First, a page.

2. Establishing a Cybersecurity Policy

Covered Entities are also required to implement and maintain a written cybersecurity policy which will detail the policies and procedures for the protection of the Covered Entity’s information systems. There is nothing surprising about what is required in such Policy, although there is an explicit requirement for the Covered Entity’s board of directors, or equivalent governing body, to review the Cybersecurity Policy as frequently as necessary, and at least once a year.

3. Designating a Chief Information Security Officer

Covered Entities will be required to designate a “qualified” Chief Information Security Officer (“CISO”) responsible for the Covered Entity’s Cybersecurity Program and Cybersecurity Policy (interestingly, the function of CISO can be outsourced to a third party, under certain conditions).

The CISO shall report, at least bi-annually, to the Covered Entity’s board of directors or equivalent governing body, on the following: (1) the confidentiality, integrity and availability of the Covered Entity’s information systems; (2) exceptions to the Cybersecurity Policy; (3) cyber risks to the Covered Entity; (4) effectiveness of the Cybersecurity Program; (5) proposed steps to remediate any inadequacies identified therein; and (6) summary of all material cybersecurity events that affected the Covered Entity during the time period addressed by the report.

4. Reporting and Records Requirements

Covered Entities are required to notify the regulator, as promptly as possible but no later than 72 hours, of any cybersecurity event that may reasonably materially affect the normal operation of such Covered Entity’s information systems or compromise the non-public information it holds.

Covered Entities shall certify annually that the Covered Entity is in compliance with the requirements set forth in the Regulation. All records supporting such certificate must be retained for a period of five years.

Implications for Canadian Business

Are you a third-party vendor of a New York regulated financial institution? The Regulation could affect your business (see above final point under Establishing a Cybersecurity Program).

Section 500.11 of the Regulation mandates significant new due diligence obligations in relation to third party service providers. If you are a third-party vendor (for instance, a payroll, data processing, or software provider) of a regulated New York financial services or insurance institution, then that institution now has the obligation to report any cybersecurity event you may have if it’s likely to affect the Covered Entity’s business. Covered Entities will now also have the obligation to conduct periodic assessments of your internal processes for handling their non-public information, to obtain representations and warranties from you as to the soundness of those processes, and to make contractual provision for all of the above, which may require revisions to your existing contracts.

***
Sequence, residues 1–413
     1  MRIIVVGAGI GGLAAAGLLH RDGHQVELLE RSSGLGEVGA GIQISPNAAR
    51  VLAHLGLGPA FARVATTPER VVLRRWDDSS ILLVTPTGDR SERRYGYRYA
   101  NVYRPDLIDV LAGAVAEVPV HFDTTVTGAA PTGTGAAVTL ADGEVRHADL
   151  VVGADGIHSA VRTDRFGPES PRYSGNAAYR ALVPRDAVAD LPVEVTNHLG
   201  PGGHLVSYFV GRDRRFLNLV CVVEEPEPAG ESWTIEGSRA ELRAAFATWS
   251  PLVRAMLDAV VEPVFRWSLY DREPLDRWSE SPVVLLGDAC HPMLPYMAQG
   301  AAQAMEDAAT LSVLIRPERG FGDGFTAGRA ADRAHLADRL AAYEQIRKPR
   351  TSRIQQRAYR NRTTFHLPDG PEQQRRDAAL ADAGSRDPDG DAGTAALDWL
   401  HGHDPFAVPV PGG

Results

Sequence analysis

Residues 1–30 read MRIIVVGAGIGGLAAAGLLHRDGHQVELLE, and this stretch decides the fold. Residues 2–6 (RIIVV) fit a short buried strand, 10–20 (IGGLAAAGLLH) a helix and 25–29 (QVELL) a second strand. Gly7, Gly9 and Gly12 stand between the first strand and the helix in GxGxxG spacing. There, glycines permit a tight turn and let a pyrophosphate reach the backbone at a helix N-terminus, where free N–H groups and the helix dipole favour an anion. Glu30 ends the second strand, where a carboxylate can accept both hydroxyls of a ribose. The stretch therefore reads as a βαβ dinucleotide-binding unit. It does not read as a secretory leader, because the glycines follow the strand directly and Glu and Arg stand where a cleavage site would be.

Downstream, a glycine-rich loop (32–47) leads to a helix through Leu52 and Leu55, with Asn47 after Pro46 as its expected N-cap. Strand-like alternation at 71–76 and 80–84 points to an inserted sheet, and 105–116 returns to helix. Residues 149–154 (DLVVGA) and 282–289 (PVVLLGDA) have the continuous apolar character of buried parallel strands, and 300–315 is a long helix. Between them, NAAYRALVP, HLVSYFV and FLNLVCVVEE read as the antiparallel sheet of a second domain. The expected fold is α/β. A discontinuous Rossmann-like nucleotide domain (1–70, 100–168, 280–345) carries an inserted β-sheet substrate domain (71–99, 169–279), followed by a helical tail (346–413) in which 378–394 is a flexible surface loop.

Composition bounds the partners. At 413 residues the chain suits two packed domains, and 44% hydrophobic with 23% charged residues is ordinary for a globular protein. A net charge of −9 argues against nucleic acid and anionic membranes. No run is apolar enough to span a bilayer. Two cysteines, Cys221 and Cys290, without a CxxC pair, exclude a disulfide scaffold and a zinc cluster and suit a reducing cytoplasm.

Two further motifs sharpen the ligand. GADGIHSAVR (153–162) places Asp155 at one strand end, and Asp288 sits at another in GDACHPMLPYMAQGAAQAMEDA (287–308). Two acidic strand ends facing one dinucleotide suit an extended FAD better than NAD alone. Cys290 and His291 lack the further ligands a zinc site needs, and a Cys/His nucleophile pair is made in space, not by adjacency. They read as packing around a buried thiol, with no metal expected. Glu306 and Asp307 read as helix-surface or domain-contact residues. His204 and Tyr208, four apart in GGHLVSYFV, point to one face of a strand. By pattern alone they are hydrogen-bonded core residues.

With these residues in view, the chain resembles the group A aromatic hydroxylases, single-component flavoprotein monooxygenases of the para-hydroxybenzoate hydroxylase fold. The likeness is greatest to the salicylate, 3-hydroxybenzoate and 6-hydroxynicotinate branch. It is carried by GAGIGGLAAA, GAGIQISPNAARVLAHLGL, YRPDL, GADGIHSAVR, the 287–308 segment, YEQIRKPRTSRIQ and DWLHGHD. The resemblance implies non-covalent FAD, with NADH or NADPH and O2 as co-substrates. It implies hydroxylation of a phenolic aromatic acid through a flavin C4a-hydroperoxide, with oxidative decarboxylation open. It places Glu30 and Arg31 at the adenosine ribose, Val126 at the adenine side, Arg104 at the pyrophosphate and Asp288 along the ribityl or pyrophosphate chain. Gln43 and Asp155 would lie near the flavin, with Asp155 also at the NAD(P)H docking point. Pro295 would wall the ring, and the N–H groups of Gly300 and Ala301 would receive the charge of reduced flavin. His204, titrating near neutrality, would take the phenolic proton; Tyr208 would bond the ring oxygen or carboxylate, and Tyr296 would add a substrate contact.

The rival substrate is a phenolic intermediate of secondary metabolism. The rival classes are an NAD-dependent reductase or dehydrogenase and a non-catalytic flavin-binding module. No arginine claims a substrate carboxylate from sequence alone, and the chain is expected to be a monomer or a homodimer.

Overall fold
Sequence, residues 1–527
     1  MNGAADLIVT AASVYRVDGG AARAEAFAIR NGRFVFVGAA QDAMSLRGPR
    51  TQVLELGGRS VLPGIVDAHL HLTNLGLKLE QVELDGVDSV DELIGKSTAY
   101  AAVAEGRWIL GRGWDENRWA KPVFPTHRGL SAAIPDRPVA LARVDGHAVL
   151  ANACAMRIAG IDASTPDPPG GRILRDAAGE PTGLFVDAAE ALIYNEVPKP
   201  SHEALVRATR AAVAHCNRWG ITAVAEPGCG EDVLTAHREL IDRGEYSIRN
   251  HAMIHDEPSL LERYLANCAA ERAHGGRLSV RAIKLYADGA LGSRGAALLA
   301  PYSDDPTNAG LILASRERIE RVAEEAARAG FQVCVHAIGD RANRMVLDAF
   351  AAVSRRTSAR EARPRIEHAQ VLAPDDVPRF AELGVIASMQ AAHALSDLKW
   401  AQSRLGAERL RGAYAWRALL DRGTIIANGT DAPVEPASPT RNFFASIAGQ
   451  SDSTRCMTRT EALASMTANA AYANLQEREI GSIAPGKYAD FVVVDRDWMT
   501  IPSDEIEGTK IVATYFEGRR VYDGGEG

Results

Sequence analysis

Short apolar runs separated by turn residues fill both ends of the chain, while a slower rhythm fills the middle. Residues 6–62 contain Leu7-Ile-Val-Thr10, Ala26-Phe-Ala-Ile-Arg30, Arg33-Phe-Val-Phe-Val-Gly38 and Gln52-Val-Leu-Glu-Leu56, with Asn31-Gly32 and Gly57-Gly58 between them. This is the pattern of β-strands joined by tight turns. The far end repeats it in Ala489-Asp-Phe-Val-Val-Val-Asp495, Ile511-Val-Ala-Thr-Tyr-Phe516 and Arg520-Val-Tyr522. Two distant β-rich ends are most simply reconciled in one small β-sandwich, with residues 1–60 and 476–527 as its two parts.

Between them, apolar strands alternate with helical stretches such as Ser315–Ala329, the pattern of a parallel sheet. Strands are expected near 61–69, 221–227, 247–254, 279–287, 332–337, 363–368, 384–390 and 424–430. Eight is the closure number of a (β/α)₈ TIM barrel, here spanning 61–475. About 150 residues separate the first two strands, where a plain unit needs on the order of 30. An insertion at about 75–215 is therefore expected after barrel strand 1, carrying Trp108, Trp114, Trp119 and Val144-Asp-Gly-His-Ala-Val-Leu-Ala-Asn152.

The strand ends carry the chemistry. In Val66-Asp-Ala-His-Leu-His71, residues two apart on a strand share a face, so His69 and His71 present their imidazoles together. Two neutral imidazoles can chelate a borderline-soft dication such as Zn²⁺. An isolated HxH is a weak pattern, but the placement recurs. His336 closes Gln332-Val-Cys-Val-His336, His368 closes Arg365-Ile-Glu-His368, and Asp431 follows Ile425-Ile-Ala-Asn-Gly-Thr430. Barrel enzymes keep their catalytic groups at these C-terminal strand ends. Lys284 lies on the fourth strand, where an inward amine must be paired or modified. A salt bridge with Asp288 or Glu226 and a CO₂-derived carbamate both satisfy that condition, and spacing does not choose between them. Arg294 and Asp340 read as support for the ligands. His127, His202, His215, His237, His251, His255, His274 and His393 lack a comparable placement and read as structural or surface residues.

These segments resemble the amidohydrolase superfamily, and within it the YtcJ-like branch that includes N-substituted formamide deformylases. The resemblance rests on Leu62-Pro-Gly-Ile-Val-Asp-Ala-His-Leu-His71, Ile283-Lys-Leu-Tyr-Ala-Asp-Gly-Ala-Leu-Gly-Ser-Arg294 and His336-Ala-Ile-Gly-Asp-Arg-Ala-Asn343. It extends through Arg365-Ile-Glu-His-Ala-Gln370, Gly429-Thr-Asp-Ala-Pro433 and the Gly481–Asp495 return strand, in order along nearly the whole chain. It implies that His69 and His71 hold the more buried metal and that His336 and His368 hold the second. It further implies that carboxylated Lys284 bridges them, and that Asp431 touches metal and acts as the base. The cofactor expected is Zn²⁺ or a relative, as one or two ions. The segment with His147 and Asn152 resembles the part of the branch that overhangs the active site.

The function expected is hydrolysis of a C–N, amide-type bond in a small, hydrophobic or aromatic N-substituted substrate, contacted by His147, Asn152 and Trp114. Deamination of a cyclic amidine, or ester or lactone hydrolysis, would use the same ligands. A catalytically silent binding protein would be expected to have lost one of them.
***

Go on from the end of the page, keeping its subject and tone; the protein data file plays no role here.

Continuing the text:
Canadian businesses should already be thinking about many of these issues, especially in light of the recent amendments to PIPEDA, which should see draft regulations on many similar issues released soon.

Furthermore, while this Regulation is the first of its kind issued by a US state government, organizations having clients in other US jurisdictions should understand that matching or similar regulations are likely not far off.

Similarly, while Canadian regulators in several jurisdictions have issued their own guidance documents with respect to cybersecurity in the financial services sector, New York’s position as the world’s financial capital suggests that the Regulation will watched closely, including by Canadian courts and regulators.


Canada’s First Regulatory Sandbox for Fintech? OSC Announces Plans for “OSC LaunchPad” Innovation Hub

Posted in Financial, FinTech, Regulatory Compliance
Ana BadourGenevieve Pinto

OSC chair Maureen Jensen has announced that the OSC plans to launch an innovation hub for fintech entities. “OSC Launchpad” will be the first fintech hub for a Canadian securities regulator.

Securities regulation in Canada impacts a number of fintech business models (including companies offering online advising, peer-to-peer lending, crowdfunding platforms and angel investor organizations). The OSC had also previously issued a notice on peer-to-peer lending, inviting those operating in this sector to discuss with OSC Staff and reminding prospective marketplace lenders that certain prospectus and registration requirements may be applicable to them, depending on their business model.

OSC Launchpad will be staffed by a dedicated team who will work directly with fintech companies  to help them navigate Ontario’s securities laws.  The OSC says it will work to tailor regulation and oversight for fintech companies to foster innovation, and to reduce regulatory burden, while ensuring investors remain protected.

OSC Launchpad arrives as many jurisdictions (including the UK, Singapore and Australia) launch their own “regulatory sandboxes” seeking to create a regulatory “safe space” in which businesses can test innovative products and services without immediately incurring all the normal regulatory consequences of engaging in such activity.  In Canada, the Competition Bureau is also in the process of completing a market study focused on how innovation in the fintech sector is impacting consumers and businesses, with the results intended to be published in the spring of 2017, seeking to determine whether there is a need for “regulatory reform to promote greater competition while maintaining consumer confidence in the sector.”